I was unable to post yesterday due to a widespread internet outage in our area, but I'll pick up with the topic of my last posting.

So, while the progressive politicians may have had good intent in their diversion of the “peace dividend” to other programs after the Vietnam War, these defense cuts caused unintended consequences for the military forces leading to the “hollow force” which was attributed to Jimmy Carter’s watch.  Moreover this systematic depletion of the Constitutionally-critical armed services had a devastating effect on fielding and maintenance of equipment, living conditions for the troops and their families, and on the troops’ economic parity with comparable civilian occupations.  And believe me, you can never pay enough to these brave men and women for what they do on a daily basis, sacrificing their health, their lives, and even their families on the altar of devotion to duty, honor, and country.  But the impact on the forces did not stop at the well-known, widely-reported, and easily-quantifiable financial detriment.  In such an environment where people are making tremendous sacrifices and then receive the unmistakable message that the American people simply do not care (or at least the politicians speaking on their behalf do not care), you can bet that there will be a tragic and widespread malaise that will eat at the moral fabric of good order and discipline in all the services. 

Sure enough, the troops received the message loud and clear.  That, coupled with a pervasive failure in the professionalism of military leaders of that era, led to the ubiquitous, unbridled social problems in the military of the late 70’s and early 80’s.  During that era, many military leaders focused on “careerism” and not on their moral and professional responsibility to the people they led.  This is a subject that has been addressed by numerous authors, so I won’t go into it any further here, but suffice it to say that I was a first-hand witness to the “hollow military” since I served my enlisted tour of duty during that era (1979-1892).  There were rampant drug use problems in many places in the services, partly a result of where our culture was at the time, but largely an outcome of the morale and leadership breakdown.  And lastly but perhaps more importantly, although the military was one of the first professional institutions in our country to address racial integration, there was still much racial division and resentment between blacks and whites, and believe me, it went both ways.  Racism is never a good thing.

This last issue probably bothered me most about military service during that era.  During my high school days, while some (thankfully, not all) of my peers were learning about and participating in social exclusion, I had adopted the egalitarian attitude that was espoused by the hippie culture of the  60’s and 70’s, picking it up from various friends and people I met while working at a restaurant and a grocery store.  I considered everyone I met as my equal and as a potential friend.  This attitude would define my career.  I should say, at this point that, like all people, I have my flaws as well.  There were a handful of times in my youth where I did not live up to those egalitarian and compassionate values, but in those times, God immediately convicted me of my un-Christian attitude and shamed me into ridding my mind and heart of any and all prejudice toward others.  Of course, while I embraced the brotherhood and sisterhood of all people while I was still very young, God would still have to spend a lifetime ridding me of my lingering judgmental attitude toward others in various life situations such as driving.  Unfortunately, this judgmental attitude is all too common for almost everyone, to some degree, until God reveals our ignorance to us and trains us out of it.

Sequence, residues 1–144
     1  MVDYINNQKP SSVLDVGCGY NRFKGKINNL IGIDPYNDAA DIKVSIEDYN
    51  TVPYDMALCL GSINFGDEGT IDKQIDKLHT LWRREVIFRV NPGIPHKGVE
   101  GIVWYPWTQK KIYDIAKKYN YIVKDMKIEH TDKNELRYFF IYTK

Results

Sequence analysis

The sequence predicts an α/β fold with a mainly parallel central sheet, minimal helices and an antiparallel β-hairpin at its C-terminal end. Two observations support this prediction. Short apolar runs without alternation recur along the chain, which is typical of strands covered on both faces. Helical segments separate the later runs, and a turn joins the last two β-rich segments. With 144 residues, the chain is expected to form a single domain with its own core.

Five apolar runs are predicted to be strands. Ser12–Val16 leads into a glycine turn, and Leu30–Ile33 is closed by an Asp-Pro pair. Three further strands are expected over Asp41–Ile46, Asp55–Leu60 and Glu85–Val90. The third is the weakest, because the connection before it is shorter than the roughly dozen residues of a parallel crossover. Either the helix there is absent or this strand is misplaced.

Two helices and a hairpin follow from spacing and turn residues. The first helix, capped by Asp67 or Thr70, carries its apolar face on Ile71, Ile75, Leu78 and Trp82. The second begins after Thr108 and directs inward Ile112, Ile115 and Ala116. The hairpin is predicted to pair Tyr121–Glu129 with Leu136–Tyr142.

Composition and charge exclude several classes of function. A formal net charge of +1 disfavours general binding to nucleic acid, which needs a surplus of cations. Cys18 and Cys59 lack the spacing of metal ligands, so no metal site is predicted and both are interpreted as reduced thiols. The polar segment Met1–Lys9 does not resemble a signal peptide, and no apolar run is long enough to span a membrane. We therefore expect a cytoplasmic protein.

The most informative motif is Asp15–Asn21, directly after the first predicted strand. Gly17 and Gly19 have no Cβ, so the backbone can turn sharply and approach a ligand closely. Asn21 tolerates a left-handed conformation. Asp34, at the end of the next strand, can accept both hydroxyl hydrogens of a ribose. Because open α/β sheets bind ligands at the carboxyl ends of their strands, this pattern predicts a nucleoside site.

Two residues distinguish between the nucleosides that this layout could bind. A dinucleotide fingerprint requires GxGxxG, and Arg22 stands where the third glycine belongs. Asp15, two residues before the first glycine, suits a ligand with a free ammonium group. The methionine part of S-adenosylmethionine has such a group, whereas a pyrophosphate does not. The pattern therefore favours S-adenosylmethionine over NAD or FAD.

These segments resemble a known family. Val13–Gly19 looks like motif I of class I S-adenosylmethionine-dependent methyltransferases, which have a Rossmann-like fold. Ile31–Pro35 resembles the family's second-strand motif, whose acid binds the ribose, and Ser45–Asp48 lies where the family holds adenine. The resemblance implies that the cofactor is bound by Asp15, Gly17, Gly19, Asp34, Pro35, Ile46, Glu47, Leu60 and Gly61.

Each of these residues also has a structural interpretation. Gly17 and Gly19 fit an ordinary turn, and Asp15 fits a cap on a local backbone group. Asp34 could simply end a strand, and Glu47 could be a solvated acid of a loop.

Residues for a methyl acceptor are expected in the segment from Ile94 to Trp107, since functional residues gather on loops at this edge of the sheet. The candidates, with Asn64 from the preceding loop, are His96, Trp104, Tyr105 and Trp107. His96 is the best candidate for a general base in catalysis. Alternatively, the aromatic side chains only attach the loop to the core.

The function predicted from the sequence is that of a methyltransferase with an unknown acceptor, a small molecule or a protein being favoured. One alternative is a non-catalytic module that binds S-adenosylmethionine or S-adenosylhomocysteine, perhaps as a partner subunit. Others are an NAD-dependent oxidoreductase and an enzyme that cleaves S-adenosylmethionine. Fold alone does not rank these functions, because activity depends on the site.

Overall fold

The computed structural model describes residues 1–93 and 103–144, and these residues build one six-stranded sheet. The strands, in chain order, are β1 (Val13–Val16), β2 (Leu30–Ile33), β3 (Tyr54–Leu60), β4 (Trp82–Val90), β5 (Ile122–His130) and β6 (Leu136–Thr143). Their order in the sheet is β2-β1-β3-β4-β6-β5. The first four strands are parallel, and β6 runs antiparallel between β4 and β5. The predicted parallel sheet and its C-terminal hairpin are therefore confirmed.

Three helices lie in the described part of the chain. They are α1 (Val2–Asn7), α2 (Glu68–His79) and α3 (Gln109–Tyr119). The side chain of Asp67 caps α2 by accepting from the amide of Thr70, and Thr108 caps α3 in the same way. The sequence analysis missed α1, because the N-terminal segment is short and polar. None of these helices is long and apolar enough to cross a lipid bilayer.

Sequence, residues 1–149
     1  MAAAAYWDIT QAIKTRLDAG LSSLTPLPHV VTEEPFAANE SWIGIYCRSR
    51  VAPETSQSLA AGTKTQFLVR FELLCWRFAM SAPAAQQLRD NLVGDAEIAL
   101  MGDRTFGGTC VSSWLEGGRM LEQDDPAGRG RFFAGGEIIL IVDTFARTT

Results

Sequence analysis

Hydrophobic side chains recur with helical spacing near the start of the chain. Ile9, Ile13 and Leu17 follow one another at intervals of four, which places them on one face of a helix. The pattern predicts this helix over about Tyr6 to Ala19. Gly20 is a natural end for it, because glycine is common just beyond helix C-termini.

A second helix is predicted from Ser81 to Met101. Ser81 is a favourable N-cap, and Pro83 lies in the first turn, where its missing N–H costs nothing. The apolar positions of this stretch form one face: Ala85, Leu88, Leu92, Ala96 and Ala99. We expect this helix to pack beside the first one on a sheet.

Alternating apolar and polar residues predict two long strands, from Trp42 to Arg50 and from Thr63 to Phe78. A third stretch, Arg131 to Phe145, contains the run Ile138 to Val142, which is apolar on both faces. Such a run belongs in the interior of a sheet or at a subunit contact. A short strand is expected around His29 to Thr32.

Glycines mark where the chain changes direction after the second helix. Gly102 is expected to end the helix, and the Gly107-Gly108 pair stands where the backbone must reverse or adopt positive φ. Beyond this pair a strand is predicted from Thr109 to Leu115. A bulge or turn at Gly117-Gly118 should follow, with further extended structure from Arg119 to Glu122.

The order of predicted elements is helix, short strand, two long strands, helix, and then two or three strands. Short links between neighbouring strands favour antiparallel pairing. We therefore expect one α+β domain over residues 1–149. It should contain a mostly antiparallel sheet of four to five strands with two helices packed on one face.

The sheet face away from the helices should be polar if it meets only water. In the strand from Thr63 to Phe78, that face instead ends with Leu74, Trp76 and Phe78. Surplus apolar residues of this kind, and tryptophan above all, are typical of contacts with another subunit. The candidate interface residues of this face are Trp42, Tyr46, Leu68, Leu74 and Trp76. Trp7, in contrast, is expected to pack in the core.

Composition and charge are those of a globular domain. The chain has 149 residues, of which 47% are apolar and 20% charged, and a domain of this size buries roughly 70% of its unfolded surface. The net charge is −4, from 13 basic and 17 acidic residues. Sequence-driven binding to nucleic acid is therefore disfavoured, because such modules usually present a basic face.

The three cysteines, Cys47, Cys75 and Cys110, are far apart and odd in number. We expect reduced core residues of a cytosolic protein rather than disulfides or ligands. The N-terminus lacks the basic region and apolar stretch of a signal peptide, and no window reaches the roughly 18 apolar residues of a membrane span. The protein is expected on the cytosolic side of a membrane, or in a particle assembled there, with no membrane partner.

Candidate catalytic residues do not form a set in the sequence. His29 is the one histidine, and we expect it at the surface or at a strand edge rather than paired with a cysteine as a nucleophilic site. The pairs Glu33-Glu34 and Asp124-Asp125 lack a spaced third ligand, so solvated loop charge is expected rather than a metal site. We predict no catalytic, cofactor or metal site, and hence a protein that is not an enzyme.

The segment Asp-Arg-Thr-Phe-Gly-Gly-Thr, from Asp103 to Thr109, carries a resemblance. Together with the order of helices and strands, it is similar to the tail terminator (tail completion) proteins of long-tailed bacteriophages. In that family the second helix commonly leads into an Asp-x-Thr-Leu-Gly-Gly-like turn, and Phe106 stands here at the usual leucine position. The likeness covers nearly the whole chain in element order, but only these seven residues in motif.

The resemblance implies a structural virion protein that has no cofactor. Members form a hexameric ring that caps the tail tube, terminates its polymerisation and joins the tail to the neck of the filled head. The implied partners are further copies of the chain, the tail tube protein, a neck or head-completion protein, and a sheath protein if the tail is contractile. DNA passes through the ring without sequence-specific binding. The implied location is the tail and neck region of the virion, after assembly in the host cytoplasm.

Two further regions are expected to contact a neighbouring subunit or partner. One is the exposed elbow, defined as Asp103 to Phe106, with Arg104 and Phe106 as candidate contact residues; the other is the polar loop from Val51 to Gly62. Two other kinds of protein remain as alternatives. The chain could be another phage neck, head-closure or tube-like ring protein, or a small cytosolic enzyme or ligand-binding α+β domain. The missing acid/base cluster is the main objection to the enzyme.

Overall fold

May God bless you and keep you safe in His loving arms this day.



01/20/2017 1:35am

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02/05/2017 8:20am

All people are equal. no one should be blame. Blue blood that floats in your vein doesn't matter anymore.

03/05/2017 11:06am

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06/24/2017 11:56pm

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    I'm a retired soldier, having spent 23 years of my life serving our country, actually 30 years when you count the reserve and National Guard time as well.  I believe in servant leaders, following the example of our Lord, and I believe in giving back to the troops once one has attained a certain status or level of success in life.  But I also believe in fighting back against corruption and incompetence wherever you find it if it hurts people.  Our national values were worth dying for.  They are also worth living for.  A man or woman can actually live a life by these principles of humility, service, love, duty, and honor, and have a significant impact on the world around them...if you have the dedication to see it through. 


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